A 25-mile commute doesn’t have to be a boring slog in the car.
Weather and time don’t often allow James Sells to bike to work. Coming from his home in Decatur Township, it takes about 80 minutes on a bicycle to get to his job in Franklin.
But on those days that he can, it’s worth the extra effort.
“I have a core belief that lifelong fitness is so good for individuals,” he said. “It reduces stress. I believe in the connection that the mind, body and spirit have together. If you’re doing things right in those areas, you’ll be a more complete person.”
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More and more people are bicycling, and for a growing number of cycling enthusiasts, bicycling to work has become an appealing way to get exercise, mentally and physically prepare for the day and leave behind the aggravation of gridlock traffic.
According to the Census’ American Community Survey, nearly 800,000 people across the U.S. get to work by cycling. From 1990 to 2015, commuting by cycling grew by 255 percent in Indianapolis.
With Bike to Work Day coming up Friday, cyclists are taking time to advocate for the activity they love, not just as a hobby or a way to exercise, but as an integral part of their everyday lives.
“It gets you outside. It gets you exercise, but you don’t have to find a team to do it. People of any age can do it,” said Tauria Catlin, a Franklin cycling enthusiast. “If it’s an option to not drive, we’re always looking to choose that option.”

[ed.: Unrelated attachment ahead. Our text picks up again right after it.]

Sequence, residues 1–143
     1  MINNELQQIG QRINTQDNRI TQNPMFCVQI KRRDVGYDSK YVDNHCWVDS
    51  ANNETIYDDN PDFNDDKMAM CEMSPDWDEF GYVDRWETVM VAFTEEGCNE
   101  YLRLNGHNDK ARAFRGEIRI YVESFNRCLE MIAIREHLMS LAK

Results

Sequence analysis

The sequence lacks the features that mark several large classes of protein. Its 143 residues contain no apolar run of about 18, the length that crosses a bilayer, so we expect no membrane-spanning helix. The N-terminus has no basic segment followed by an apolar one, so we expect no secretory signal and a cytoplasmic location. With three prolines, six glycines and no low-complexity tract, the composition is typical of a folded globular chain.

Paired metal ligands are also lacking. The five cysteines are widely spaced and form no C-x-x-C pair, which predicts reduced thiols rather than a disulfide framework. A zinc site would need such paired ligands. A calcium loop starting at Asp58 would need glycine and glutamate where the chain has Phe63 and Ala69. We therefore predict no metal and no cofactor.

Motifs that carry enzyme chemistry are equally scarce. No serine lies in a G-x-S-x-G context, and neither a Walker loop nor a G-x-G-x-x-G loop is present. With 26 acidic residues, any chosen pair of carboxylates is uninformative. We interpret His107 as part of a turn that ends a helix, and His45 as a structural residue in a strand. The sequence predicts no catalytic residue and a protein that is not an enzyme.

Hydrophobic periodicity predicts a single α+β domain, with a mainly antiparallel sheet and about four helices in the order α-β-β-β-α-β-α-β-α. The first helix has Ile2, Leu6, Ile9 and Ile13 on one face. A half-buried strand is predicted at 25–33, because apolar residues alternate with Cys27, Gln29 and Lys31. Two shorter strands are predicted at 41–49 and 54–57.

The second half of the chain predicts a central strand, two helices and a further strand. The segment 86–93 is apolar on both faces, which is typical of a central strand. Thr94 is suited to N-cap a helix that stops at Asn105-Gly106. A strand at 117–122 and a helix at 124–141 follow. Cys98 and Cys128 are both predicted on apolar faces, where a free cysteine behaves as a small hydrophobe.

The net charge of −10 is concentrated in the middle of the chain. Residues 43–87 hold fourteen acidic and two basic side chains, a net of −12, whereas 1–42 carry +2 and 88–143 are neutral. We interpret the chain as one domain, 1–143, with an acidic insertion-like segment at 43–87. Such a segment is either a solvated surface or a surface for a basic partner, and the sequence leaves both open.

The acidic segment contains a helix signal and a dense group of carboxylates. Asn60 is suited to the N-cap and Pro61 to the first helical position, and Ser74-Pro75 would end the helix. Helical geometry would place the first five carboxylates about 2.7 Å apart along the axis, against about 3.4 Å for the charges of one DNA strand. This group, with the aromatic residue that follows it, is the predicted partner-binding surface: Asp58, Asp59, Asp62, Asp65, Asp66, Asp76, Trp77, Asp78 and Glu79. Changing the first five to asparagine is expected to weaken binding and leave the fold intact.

Bike to Work Day has been going on for more than 50 years throughout the country. Locally, the biking advocacy group INDYCOG has spearheaded the effort, organizing starting points for riders, helping to recruit more people and advertising with local businesses.
The event celebrates people who already bike to work while also allowing enthusiasts to appeal to those who might be interested in biking to work but are too intimidated to try it.
Throughout central Indiana, organized “bike trains” are scheduled to leave from places all over the area, including Circle City Bicycles on the southside. The convoys will head to the City Market in downtown Indianapolis, where a special celebration will include breakfast and presentations from the cycling community.
Locally, businesses such as Middle Davids Artisan Candles will offer specials for customers who have biked to work Friday.
Catlin and her husband, owners of Middle Davids, have also integrated cycling into their daily lives. Dan Catlin has been riding since he suffered an injury while serving in the U.S. Navy, and estimates he rides between 3,000 and 4,000 miles a year.
His enthusiasm has trickled down to his wife and family.